We are here to encourage the development of gifted young singers and to stimulate the growth of New York City's invaluable chamber opera companies. But we will not neglect the Metropolitan Opera either. Get ready for bouquets and brickbats.

Thursday, May 9, 2024


 Luc Cheng, Glenn Morton, Young Kwang Yoo, Kevin Jasaitis, Sofia Gotch,  Sofia Durante, Sara Stevens, John Viscardi, Eliza Masewicz, Maia Sumanaweera and Samuel Ng

Regular readers recall my enthusiasm for Classical Lyric Arts, a highly esteemed immersive summer training program for young singers  held in France, Italy, and the Berkshires. Here is some great news, Dear Reader! CLA has expanded into an all year program helping recent conservatory graduates to navigate the difficult period of launching a professional career. Assistance is given in many areas including (but not limited to)  navigating auditions and competitions,  choosing repertory wisely, choosing management, and of course the finer points of singing. We think of it as polishing the gems.

Last night a private recital was held to celebrate this launch and the fortunate members of the audience had an opportunity to hear a program of Italian love songs, arias, and duets. What better language than Italian to sing of love! Even speaking Italian sounds like a love song! Our host, Glenn Morton (Artistic Director of CLA), accompanied some of the singers and the talented Luc Cheng accompanied other singers , including Executive Director John Viscardi (a graduate of CLA) about whom more later.

If we have heard a better recital, we cannot recall. The CLA singers demonstrated fine technique in which we can find no flaws. Their Italian was universally perfect, evidence of the fine immersive training they received in Italy. What most astonished us however, was how each singer showed something we call stage worthiness. They not only understood the text and the emotions which generated it, but they managed to employ the dramatic skills learned from faculty member Daniel Isengart, using facial expression, gesture, and the physical space that was available to create believable dramatic situations.

There were about 15 pieces performed and we will attempt to describe a few to illustrate this. In Rossini's Il Barbiere di Siviglia , Rosina persuades Figaro to get a note to the Count. Mezzo-soprano Sofia Durante created the character of the spunky young woman who is going to get her way whilst baritone Kevin Jasaitis was absolutely taken aback by her anticipation of his plot. They were so effective that one could imagine everything that led up to that moment and everything that would follow.

Ms. Durante also showed her aptitude for breeches roles in two scenes. From Bellini's I Capuletti e I Montecchi, we heard "Ah, crudel d'onor ragioni" in which Romeo and his Giulietta (soprano Sofia Gotch) sing a duet of conflict and anxiety. She also made a fine Nerone in duet with Poppea (soprano Maia Sumanaweera) from Monteverdi's L'incoronazione di Poppea. We heard this duet recently in which the singers "sexed it up" which removed the chemistry we felt from this performance as the singers slowly approached each other, heightening the anticipation.  Yes, we all know that Nero and Poppea were terrible people but in this opera you have to want them to triumph and so they did.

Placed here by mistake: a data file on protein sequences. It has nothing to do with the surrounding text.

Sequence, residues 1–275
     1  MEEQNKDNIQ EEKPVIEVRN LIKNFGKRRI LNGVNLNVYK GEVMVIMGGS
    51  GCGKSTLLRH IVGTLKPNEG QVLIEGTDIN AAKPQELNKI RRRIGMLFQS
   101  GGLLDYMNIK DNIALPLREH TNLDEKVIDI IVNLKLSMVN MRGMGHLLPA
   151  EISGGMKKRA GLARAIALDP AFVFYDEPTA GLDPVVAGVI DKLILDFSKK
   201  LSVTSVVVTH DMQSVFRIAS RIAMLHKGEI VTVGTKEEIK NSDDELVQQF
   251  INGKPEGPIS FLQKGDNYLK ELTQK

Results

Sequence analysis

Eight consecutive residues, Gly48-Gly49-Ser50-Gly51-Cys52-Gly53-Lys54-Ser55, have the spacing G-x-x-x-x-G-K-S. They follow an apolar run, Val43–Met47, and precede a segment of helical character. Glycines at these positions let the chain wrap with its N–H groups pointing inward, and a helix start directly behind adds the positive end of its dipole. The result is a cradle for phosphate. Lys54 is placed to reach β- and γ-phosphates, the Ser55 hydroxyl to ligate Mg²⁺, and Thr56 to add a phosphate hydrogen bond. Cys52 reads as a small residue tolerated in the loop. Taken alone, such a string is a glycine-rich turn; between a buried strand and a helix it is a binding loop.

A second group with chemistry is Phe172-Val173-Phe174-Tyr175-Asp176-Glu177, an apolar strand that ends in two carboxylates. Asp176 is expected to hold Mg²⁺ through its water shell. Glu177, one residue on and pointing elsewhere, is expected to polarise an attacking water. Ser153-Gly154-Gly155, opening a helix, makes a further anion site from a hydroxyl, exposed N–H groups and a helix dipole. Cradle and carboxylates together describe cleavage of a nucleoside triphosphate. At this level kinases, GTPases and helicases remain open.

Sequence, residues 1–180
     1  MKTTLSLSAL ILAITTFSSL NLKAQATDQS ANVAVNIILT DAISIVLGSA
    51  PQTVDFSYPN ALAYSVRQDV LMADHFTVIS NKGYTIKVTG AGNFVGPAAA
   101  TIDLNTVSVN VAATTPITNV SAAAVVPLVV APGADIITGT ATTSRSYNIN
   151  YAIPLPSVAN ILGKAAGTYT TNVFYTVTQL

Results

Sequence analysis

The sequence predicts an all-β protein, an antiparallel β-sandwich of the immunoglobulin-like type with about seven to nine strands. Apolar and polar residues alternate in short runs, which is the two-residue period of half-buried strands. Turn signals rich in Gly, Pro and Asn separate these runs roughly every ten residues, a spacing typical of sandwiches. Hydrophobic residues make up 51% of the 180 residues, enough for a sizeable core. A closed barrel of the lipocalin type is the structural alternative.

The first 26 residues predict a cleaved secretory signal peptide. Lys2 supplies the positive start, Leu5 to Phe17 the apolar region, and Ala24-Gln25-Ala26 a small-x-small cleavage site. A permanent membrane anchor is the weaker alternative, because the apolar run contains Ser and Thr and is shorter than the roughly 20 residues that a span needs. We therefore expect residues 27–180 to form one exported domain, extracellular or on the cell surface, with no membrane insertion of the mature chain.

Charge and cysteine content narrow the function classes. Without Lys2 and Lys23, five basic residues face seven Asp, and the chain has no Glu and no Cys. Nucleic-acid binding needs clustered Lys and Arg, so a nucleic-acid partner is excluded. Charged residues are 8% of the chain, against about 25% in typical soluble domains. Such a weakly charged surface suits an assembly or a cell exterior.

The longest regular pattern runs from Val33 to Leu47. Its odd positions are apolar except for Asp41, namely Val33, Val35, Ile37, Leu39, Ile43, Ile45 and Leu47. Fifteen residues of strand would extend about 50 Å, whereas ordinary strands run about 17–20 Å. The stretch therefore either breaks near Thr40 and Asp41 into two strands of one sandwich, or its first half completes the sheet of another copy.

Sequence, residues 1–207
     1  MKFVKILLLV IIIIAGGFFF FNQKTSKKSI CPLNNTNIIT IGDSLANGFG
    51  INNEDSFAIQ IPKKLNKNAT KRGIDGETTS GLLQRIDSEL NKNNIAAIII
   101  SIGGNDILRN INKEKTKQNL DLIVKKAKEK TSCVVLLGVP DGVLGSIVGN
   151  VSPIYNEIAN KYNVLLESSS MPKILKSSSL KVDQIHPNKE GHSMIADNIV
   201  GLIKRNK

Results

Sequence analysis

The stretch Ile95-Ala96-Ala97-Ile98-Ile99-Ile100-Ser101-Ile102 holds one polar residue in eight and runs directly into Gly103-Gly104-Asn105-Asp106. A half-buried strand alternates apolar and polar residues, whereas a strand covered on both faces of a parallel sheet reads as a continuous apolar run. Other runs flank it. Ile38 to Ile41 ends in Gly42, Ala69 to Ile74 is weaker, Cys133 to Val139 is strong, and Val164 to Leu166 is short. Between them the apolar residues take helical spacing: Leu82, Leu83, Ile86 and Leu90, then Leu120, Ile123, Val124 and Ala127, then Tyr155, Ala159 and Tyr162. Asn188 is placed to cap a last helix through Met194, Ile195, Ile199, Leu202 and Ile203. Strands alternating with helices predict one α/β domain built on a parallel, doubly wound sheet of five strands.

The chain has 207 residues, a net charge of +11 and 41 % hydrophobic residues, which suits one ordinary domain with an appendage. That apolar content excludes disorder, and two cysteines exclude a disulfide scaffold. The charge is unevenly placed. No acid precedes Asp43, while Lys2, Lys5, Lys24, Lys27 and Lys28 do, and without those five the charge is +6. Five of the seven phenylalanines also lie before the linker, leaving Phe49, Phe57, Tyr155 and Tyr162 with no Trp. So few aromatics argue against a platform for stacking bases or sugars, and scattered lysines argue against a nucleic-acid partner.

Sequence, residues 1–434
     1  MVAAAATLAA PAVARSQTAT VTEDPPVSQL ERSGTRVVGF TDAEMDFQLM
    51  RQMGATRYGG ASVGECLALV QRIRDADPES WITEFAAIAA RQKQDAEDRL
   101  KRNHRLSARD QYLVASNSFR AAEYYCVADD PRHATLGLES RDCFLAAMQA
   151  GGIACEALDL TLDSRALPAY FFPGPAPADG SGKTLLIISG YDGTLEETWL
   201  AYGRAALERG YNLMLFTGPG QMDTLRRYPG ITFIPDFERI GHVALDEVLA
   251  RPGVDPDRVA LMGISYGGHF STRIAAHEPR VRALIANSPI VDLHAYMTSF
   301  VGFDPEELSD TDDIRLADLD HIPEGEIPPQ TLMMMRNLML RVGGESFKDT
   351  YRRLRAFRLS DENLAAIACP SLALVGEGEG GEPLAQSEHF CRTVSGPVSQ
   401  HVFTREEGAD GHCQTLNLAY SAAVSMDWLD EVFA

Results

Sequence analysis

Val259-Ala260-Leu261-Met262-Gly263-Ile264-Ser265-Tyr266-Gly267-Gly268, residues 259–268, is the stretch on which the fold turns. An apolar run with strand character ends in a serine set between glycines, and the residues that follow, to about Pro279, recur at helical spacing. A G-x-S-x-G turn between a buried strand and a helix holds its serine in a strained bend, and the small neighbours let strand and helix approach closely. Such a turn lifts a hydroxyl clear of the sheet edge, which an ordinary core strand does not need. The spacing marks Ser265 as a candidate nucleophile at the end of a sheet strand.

In a scene from Mozart's Don Giovanni, Mr. Jasaitis--now suave and perfectly self-assured--seduced a flirtatious Zerlina, adorably performed by soprano Eliza Masewicz. Each showed impressive comprehension of the character at that particular point in the opera.  In a different scene the seductive Don (Mr. Jasaitis who seems to own the role) performed the serenade "Deh vieni alla finestra" gazing upward at an actual window with the unknown woman actually there, lending verisimilitude to the performance.

The Cherry Duet from Mascagni's L'amico Fritz was performed by  Ms. Sumanaweera and tenor Samuel Ng with such intense chemistry that no one could have missed foretelling the romantic ending to the opera.

There were two entries from Puccini's tragic love story La Bohême. The Mimi of Act I was performed in a touching fashion by Sara Stevens, possessor of a huge and gorgeous soprano, who gave her all to "Mi chiamano Mimi". This was followed by "O soave fanciulla" with  Mr. Viscardi as the ardent Rodolfo (a role he just performed in Colorado, a role that fits him like a custom tailored suit).

There were also several more arias and songs to tickle our ears. We love Tosti's songs and Mr. Ng's impassioned delivery of "Ideale" perfectly captured the Italianate style, as did Mr. Viscardi's performance of "Sola tu manchi".

Ms. Gotch created a memorable Gilda from Verdi's Rigoletto, adorning the vocal line with precisely rendered coloratura flourishes. Similar technical precision was evinced by Ms. Masewicz performing "Qui la voce sua soave" from Bellini's I Puritani. We don't want to end without mentioning a funny moment. We were surprised when the photographer (whose photos are guaranteed to be better than ours) was called upon to sing. It turned out that Young Kwang Yoo had been pressed into service as photographer for the event and is actually an opera singer of terrific talent.

© meche kroop

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